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Home Home Wellness News Veggies a Healthy Recipe for Older Women's Hearts
Veggies a Healthy Recipe for Older Women's Hearts
Wellness - Latest Wellness News
Jupiter, FL Dentist

WEDNESDAY, April, 4, 2018 (HealthDay News) -- Eating lots of vegetables may help older women keep their blood vessels healthy, Australian researchers report.

The biggest benefit seems to come from cruciferous vegetables, including cabbage, Brussels sprouts, cauliflower and broccoli. Eating these strong-smelling veggies was linked to less thickening of the carotid arteries, located in the neck.

Thickening of this major blood vessels is a sign of impending heart disease, the researchers said.

"These findings reinforce the importance of adequate vegetable intake to reduce your risk of atherosclerosis ["hardening of the arteries"], heart attacks and strokes," said lead researcher Lauren Blekkenhorst. She's a research associate in the School of Medical and Health Sciences at the University of Western Australia.

"Recommendations to include a couple of servings of cruciferous vegetables may optimize the health benefits of increasing vegetables in the diet," Blekkenhorst said.

She added, however, that this study doesn't prove a lack of vegetables caused carotid artery walls to thicken, only that there was an association between the two.

Veggies are good for you, Blekkenhorst said, because they're high in fiber, so you feel full without consuming many calories.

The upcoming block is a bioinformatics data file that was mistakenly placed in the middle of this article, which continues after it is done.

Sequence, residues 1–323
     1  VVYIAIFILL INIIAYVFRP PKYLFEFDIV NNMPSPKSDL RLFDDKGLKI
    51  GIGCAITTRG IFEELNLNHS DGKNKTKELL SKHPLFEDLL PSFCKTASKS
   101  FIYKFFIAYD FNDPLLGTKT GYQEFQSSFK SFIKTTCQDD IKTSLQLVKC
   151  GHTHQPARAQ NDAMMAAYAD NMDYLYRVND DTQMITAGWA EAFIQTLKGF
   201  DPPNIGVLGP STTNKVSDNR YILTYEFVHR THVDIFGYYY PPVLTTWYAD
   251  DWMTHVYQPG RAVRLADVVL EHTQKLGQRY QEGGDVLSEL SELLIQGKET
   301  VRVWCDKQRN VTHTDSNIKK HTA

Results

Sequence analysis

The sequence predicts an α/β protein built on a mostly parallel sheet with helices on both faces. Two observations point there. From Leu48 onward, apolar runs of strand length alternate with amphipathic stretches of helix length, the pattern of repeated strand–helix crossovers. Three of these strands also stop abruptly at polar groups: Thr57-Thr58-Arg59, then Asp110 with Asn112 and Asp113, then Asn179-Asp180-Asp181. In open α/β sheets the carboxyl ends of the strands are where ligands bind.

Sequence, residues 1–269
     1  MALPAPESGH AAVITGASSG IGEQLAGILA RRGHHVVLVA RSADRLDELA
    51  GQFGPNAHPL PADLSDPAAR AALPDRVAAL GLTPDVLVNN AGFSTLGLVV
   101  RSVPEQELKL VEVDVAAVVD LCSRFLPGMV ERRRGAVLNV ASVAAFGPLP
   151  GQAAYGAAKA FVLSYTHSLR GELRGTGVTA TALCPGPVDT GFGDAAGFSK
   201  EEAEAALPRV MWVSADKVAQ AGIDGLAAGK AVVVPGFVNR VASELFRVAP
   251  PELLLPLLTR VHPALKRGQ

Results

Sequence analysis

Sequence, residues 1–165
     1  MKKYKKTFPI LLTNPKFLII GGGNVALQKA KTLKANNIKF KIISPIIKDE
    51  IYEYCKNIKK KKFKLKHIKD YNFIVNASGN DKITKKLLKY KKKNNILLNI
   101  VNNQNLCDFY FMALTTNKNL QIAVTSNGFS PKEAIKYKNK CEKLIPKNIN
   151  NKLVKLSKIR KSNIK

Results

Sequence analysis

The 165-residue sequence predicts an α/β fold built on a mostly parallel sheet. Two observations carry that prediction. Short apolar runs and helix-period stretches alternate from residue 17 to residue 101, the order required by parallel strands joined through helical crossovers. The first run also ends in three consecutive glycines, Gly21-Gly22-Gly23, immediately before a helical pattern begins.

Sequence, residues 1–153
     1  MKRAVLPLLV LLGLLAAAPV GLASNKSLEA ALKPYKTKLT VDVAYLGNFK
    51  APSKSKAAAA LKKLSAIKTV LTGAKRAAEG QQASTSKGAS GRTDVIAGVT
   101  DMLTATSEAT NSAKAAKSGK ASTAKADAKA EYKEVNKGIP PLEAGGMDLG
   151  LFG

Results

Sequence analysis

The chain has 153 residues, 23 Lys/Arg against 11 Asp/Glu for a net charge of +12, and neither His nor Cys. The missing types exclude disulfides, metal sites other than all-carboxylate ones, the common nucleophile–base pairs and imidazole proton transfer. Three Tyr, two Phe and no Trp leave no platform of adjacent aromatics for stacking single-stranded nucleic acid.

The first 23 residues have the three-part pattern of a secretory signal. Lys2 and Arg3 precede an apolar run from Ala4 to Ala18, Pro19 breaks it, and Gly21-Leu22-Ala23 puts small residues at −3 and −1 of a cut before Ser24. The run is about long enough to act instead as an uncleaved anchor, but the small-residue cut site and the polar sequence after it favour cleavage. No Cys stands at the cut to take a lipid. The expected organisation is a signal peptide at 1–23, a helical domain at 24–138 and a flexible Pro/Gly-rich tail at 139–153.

"They are also packed full of vitamins, minerals and phytochemicals, which have been shown to reduce inflammation and oxidative stress," Blekkenhorst said. Chronic inflammation plays a part in a number of age-related illnesses, including heart disease, she added.

Best of all, the benefits of vegetables exist whether you cook them or eat them raw, Blekkenhorst said. Though cooking reduces some nutrients, eating cooked vegetables aids digestion and absorption of these nutrients, she said.

The benefits found in the study were limited to vegetables like cabbage, Brussels sprouts, cauliflower and broccoli, Blekkenhorst said. Other veggies did not show the same protective link.

She said the value of cruciferous veggies remained even after her team took into account a woman's lifestyle, heart disease risk, and other vegetable and dietary factors.

Blekkenhorst said it's important to eat both raw and cooked vegetables throughout the day.

Any way you prepare them, you'll do your body good, according to a nutritionist not involved with the study.

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